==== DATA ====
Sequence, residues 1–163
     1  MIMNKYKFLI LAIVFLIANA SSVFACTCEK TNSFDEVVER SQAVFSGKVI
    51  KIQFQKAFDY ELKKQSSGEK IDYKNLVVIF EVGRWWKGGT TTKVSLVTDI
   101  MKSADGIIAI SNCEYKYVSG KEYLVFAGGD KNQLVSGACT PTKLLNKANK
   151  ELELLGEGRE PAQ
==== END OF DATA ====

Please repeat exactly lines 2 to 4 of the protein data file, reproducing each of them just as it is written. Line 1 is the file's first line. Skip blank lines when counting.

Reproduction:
     1  MIMNKYKFLI LAIVFLIANA SSVFACTCEK TNSFDEVVER SQAVFSGKVI
    51  KIQFQKAFDY ELKKQSSGEK IDYKNLVVIF EVGRWWKGGT TTKVSLVTDI
   101  MKSADGIIAI SNCEYKYVSG KEYLVFAGGD KNQLVSGACT PTKLLNKANK